The 5 Best Hack Squat Alternatives for Jacked Quads

December 21, 2020 / Exercise
The 5 Best Hack Squat Alternatives for Jacked Quads

Hack squats have long been well known for their fantastic ability to give you massive quads. You should expect to find hack squat machines in most, if not all, commercial gyms. But what if there isn’t one? What if someone’s taking their sweet time through their hack squat sets? For those very reasons, we’ve gathered 5 hack squat alternatives that can still get your quads jacked.

What is a hack squat?

The hack squat is a machine-based exercise that primarily works your quads and glutes. They’re an excellent exercise for beginners looking to build a foundation of lower body strength. The upper body strength you’d need to perform conventional back squats is effectively removed from this movement, allowing lifters to move through a more extended range of motion.

A picture of a man holding a big barbell for his squat program exercise

The 5 Best Hack Squat Alternatives

Barbell Back Squat 

The first and most obvious alternative is the conventional barbell back squat itself. Squats are one of the best compound movements in all of weightlifting, incorporating upper and lower body strength throughout the exercise. This exercise is responsible for some of the strongest, most powerful, and most athletic athletes all over the world. It is one of the most functional movements, extremely beneficial to joint health, improving posture, and strengthening your core. 

How to perform a back squat:

  1. Rack a barbell on the squat rack at about collarbone height.
  2. Approach the squat rack and grab the bar with a grip just outside shoulder-width for a high-bar squat and a wider grip for a low-bar squat.
  3. Rack the weight onto your shoulders or traps, firmly squeezing them for more stability.
  4. Step back from the rack.
  5. Stand with feet slightly wider than hip-width apart with toes pointed out at a 5 to 15-degree angle.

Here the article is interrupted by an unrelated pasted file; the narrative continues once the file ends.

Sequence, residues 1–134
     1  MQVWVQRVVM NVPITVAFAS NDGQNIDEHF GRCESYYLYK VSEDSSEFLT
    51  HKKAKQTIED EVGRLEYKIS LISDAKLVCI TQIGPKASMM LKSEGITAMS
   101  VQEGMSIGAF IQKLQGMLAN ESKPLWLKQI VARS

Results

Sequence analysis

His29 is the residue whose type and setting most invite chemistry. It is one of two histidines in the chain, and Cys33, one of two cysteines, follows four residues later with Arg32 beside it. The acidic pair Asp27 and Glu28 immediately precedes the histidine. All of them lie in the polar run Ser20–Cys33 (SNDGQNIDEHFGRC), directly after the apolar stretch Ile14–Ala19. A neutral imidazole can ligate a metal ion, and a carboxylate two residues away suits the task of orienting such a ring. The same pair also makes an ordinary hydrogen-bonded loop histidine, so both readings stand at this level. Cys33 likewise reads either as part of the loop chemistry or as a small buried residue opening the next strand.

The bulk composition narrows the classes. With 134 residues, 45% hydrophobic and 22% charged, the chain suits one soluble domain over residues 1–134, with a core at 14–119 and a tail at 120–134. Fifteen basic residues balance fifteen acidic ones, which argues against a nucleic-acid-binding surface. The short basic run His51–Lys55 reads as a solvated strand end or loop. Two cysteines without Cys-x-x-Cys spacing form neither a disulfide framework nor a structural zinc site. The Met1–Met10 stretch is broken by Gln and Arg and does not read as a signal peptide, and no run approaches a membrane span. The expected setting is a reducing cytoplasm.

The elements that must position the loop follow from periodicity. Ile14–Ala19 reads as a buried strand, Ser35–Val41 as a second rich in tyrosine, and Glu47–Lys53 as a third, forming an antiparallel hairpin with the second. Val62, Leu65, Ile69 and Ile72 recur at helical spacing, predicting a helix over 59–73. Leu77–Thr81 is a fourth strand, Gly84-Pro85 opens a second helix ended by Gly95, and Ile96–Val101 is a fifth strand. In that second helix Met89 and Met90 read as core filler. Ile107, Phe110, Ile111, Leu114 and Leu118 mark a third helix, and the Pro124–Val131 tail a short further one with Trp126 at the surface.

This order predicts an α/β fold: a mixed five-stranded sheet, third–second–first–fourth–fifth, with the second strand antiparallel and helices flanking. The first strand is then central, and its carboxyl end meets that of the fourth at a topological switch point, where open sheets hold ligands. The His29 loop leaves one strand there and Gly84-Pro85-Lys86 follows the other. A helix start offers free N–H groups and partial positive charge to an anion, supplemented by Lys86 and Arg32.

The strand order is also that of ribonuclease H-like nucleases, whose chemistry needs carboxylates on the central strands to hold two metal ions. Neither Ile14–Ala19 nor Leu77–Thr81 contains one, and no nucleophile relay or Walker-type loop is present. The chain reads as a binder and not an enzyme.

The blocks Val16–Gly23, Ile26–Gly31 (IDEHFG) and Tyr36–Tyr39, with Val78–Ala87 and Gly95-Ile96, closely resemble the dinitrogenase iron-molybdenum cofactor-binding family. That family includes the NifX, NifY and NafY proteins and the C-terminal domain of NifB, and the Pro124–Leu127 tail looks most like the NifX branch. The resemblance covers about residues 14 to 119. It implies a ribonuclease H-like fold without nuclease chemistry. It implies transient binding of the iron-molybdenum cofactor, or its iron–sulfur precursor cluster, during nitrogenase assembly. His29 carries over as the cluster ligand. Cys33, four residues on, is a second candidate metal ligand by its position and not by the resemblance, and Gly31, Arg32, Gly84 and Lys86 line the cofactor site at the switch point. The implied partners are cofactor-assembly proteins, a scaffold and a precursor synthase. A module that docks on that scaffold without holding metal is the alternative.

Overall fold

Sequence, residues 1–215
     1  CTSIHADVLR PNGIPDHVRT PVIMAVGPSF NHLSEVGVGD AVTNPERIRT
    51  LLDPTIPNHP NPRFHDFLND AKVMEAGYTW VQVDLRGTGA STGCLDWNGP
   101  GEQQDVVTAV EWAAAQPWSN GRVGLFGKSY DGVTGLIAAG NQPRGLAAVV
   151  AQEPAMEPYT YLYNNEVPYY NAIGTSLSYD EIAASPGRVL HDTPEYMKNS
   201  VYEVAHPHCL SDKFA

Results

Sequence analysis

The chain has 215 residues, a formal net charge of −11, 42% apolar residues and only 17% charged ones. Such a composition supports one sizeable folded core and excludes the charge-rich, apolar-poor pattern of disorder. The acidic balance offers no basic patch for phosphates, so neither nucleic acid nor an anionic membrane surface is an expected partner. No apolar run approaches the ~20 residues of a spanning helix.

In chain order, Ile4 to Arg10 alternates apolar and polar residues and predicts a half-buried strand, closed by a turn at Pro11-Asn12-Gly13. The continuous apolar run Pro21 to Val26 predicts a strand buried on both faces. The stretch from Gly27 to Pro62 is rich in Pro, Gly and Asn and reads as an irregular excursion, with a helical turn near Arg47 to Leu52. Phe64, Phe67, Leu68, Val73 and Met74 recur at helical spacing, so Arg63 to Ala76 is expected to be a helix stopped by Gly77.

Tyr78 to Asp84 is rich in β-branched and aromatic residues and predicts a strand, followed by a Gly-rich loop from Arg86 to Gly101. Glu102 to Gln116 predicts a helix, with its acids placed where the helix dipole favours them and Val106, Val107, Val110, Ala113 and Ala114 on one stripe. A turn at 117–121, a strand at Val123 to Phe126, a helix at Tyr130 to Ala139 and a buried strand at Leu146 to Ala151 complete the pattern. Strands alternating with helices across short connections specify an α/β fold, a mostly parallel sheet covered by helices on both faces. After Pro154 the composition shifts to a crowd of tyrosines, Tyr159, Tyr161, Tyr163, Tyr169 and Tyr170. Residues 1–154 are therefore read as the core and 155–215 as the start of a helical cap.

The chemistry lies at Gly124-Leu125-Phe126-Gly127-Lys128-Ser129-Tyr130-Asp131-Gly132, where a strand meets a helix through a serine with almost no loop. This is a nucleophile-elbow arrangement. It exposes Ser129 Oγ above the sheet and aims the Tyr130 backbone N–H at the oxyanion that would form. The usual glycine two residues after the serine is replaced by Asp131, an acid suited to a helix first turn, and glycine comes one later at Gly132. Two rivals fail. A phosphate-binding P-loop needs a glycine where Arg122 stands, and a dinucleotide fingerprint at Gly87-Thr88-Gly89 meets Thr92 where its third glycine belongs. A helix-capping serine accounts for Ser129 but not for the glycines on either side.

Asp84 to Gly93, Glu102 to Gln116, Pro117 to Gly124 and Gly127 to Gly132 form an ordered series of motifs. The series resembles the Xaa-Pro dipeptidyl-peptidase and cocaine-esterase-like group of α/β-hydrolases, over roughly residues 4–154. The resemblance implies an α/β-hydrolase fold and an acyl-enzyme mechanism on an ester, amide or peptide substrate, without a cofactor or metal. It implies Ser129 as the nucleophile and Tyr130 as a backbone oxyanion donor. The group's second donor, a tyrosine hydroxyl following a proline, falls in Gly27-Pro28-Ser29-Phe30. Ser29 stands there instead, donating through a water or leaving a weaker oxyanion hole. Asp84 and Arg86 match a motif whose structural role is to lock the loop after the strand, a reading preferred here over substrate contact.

6. Tighten your core, squeeze your glutes, and inhale deeply through your stomach.
  7. Move your butt back, and squat down slowly until your thighs are at least parallel (or lower) to the ground.
  8. Explode back into the starting position by driving into your heels.
  9. Repeat for the desired number of reps.
  10. Once you’re done with your set, walk back slowly towards the rack and carefully lower the barbell until the supports catch it. 

Barbell Front Squat

Another great alternative to the back squat is its anterior counterpart. The main difference is that instead of racking it on your traps, you rack it on your front delts. One primary advantage front squats have over back squats is that it is much easier on the back, as back squats compress your spine. The drawback to this is that you won’t be able to lift as much as you would in a back squat.

How to perform a front squat:

  1. Rack a barbell on the squat rack at about a little under collarbone height.
  2. Approach the squat rack and grab the bar with a “clean grip,” which is the top position you reach when catching a clean. To do this, place your fingertips (some use all, others just their index and middle) just outside shoulder width and let the barbell sit on your shoulders. Keep your elbows high so that your upper arms may be parallel to the ground.